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We’ve all heard the saying. “When in Rome, do as the Romans do.” But what exactly do the Romans do?

If the saying refers to the Romans of ancient times, then you probably won’t find modern Rome is particularly receptive to your attempt to seize the city by use of military muscle!

On the other hand, if it refers to modern Romans, the people of Rome are busy going about their day to day lives. They already know about the wonder and beauty of their city – they see it all the time.

Most people interpret the phrase to mean seeking out the local experience, but our interpretation is that it means not to leave without having experienced the heart and soul of the city. And while a case can be made for ‘living as a local’, if we’re being really honest, there’s no escaping that Rome is a touristy city.

It’s iconic.

So, in embracing the saying ‘when in Rome’, we have listed some of the biggest attractions in the city; five icons that you can’t return home having missed. These attractions are so central to Rome’s identity that they are often solely attributed as being the beating heart of the city.

When in Rome … Iconic Attractions You Absolutely Should Not Miss

St Peter’s Basilica

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You don’t have to be Catholic to be blown away by the sheer beauty of St Peter’s Basilica. Nor do you have to be Catholic to get inside it and take a look around, and so we wholeheartedly recommend that you do.

If you ever doubted the wealth and the power of the Catholic church, those doubts will evaporate the moment you set eyes on this awe-inspiring building. The great Michelangelo himself was involved in the design and construction of St. Peter’s Basilica (battling against ill health to see the job through), and his personal touch is evident in the design of the building’s dome.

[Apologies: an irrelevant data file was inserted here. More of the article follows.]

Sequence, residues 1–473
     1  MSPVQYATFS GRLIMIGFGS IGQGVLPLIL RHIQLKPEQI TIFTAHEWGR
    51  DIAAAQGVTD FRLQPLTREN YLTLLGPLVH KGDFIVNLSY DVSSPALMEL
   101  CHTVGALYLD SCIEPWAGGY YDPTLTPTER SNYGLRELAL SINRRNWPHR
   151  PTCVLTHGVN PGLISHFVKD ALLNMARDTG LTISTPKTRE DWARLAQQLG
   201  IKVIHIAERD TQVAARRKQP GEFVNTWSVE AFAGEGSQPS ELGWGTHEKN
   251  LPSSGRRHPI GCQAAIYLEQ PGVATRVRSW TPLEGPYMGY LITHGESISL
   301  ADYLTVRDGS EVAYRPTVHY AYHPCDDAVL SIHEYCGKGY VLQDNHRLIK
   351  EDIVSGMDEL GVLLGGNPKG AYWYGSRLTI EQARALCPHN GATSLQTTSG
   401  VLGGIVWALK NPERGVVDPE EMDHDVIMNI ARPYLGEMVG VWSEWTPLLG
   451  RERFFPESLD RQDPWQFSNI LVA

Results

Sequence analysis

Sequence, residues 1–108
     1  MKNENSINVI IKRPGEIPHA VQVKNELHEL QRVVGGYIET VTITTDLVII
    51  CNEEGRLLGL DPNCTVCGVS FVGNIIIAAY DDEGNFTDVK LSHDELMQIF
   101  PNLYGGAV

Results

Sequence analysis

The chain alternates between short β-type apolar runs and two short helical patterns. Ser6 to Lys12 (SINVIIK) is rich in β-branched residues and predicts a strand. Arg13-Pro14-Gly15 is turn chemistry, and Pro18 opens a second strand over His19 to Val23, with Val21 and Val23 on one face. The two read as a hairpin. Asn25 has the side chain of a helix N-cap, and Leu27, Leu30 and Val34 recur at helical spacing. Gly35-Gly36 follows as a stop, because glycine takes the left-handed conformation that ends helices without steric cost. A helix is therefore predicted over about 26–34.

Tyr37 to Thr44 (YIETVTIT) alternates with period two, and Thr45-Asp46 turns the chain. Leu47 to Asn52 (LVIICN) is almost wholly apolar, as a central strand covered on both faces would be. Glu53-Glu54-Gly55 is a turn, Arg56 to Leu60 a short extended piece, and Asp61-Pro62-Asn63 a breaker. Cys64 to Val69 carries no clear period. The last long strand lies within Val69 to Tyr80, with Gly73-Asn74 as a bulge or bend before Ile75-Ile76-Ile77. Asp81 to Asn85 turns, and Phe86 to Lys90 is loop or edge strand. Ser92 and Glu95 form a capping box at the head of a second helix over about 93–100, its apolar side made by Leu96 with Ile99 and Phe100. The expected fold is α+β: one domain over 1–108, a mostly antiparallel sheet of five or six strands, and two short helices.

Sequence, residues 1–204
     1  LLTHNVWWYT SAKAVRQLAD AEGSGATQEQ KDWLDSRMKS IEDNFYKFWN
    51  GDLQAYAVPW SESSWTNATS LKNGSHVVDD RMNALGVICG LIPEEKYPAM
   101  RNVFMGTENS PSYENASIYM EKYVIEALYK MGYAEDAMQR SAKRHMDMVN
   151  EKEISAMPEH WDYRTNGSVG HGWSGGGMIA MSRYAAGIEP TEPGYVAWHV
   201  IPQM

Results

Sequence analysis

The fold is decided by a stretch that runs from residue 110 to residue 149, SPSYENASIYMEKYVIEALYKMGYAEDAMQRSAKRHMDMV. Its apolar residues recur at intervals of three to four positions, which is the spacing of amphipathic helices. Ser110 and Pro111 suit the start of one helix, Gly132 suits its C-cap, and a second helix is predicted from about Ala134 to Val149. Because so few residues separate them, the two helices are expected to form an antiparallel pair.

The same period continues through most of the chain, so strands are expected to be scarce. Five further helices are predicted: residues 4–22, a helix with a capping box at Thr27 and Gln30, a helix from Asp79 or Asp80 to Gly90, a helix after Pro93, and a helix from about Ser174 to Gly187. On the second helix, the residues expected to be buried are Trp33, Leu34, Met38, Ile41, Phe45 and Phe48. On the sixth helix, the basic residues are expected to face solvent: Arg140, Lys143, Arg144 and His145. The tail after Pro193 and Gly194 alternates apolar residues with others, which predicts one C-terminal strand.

St. Peter’s Square in general is a sight to behold, but the Basilica is its crowning glory. Decorated with statues of Christ, his apostles, and various other Biblical figures, it’s easy to see how many people consider visiting the Basilica to be a spiritual experience.

Make sure you get inside during daylight hours – the building’s windows were designed to capture the sun at specific points during the day, and thereby highlight some of the architectural detail.

The Colosseum

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We’ll call it now – it’s touristy as all hell, with fake gladiators posing for selfies walking around, but you truly haven’t visited Rome without a trip to the Colosseum.

The call of Colosseum would once have been a mighty roar that could have been heard right across the center of Rome. Historians believe that when it was packed, up to 80,000 people would attend to see gladiators do battle with wild animals and each other for the entertainment of the crowd.

Nearly 2,000 years on (it was constructed between 70 – 80 A.D.) and not only does the building still stand, but it has well and truly cemented itself as an icon in modern pop culture. It continues to be a symbol of the city of Rome in the 21st century.

To stand in the Colosseum is to share the same space and breathe the same air as many Roman Emperors of the past. Its true history is gruesome and bloody, but that doesn’t detract from the sheer majesty of the arena.

It’s very close to both a metro station and a train station, so you have no excuse not to get here.

The Sistine Chapel

Places to visit in Rome Italy Sistine Chapel

We might be cheating a little here by suggesting two attractions which are connected to the Vatican City, but we would be doing the Sistine Chapel a great disservice if we didn’t allow it to have its own entry.